In the last 200 to 300 years there had been a shift in managing coppiced woodlands into ones that would produce large quality timber trees.

The woods surrounding the medieval deer park were planted with beech dating back to 1713 (estimated by ring dating). These trees grew to towering heights with very straight stems without any side branches until at least 50 feet. Around 90 percent of these trees fell during the 1987 great storm. Last time there was a storm so ferocious it was in 1703, ten years prior to the planting of the magnificent beeches of Park Woods.
Some of the surviving beech trees in Slindon Park Woods. Photo: Bob Epsom

In the 1880s Slindon Common was enclosed and was planted up with trees. It has been wooded ever since but there are some indications of its former land use with patches of bracken and gorse in some of the more open areas.

During the 1st World War much of the area of North Wood and Eartham Woods was cleared as the timber was of major use for the war effort particularly for pit props as coal mining was increased. 75 hectares of this land was ploughed during the 2nd World War under the direction of the War Agricultural Committee

In the 20th century, the widespread planting of non native conifers took place. These trees reach maturity a lot quicker than broadleaves do. Sometimes conifers have been planted as ornamental trees such as the Wellingtonia (a type of redwood) along the old carriage drive beside Park Lane.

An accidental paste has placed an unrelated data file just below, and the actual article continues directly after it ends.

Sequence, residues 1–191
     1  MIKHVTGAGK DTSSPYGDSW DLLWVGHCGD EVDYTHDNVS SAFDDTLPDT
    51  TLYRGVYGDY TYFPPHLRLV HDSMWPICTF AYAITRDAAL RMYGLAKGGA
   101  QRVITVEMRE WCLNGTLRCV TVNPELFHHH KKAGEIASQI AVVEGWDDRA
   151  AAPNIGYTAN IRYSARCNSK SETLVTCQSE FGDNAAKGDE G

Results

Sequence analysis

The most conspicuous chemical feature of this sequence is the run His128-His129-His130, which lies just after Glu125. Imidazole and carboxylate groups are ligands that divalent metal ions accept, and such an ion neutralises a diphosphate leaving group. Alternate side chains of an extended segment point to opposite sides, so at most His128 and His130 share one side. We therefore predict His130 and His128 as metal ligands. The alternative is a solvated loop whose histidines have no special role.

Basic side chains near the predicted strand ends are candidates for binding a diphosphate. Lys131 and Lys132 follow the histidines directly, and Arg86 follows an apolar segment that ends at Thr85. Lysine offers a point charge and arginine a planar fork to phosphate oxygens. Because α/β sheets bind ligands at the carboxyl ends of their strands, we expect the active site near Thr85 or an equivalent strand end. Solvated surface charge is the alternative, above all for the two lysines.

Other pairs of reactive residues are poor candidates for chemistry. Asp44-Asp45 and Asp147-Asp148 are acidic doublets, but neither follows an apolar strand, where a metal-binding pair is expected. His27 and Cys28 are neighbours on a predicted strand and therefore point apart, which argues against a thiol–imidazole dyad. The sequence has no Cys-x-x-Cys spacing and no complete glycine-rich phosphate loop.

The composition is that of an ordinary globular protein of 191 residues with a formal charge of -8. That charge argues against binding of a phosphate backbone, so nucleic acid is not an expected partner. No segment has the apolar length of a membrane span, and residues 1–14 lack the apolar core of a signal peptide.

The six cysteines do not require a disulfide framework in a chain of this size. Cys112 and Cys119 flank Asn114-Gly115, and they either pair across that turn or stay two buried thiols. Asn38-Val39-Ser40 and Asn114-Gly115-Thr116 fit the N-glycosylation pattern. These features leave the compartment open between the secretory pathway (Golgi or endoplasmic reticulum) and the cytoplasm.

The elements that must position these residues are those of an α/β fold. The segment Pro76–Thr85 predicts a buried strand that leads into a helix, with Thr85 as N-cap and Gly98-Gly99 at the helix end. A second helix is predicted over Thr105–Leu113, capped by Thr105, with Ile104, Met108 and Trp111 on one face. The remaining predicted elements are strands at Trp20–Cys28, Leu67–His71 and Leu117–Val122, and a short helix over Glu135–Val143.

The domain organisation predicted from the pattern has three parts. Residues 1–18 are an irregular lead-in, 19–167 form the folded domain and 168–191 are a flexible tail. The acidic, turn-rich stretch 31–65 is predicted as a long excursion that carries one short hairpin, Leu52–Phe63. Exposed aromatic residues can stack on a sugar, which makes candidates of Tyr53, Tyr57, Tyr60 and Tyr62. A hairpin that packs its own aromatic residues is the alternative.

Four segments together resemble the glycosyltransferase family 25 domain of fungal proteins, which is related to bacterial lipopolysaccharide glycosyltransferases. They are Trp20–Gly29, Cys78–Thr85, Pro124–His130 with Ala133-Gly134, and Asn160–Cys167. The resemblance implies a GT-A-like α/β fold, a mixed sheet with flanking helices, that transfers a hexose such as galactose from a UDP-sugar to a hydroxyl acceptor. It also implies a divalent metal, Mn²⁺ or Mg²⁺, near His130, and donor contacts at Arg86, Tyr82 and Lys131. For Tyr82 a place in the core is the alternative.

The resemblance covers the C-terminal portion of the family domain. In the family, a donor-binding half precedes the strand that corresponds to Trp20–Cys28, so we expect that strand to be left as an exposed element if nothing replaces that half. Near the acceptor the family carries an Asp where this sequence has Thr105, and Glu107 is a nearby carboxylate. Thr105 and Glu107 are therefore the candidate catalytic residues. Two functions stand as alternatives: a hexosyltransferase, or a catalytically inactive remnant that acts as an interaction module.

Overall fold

Since the late 1940s, Eartham Woods have been managed by the Forestry Commission on a long lease. Here timber production of beech has been the main aim but there is excellent public access for quiet recreation provided.
Eartham Woods, the Forestry Commission managed part of the Slindon Estate. Photo: Bob Epsom

At the end of the 20th century the timber markets collapsed, partly due to the amount of timber created after the 1987 storm but mostly down to the increase in new harvesting technologies and cheaper imports from Scandanavia and Eastern Europe.

Most of the woodlands of the Slindon Estate are classified as being ancient, which means that they have been continually wooded since AD1600 or the earliest map of the area. Ancient woodlands have their own unique flora with species such as Butchers broom, Woodruff and Yellow archangel indicating an area that has tree cover for sometime.
Butchers Broom a plant of ancient woodlands. Photo: Bob Epsom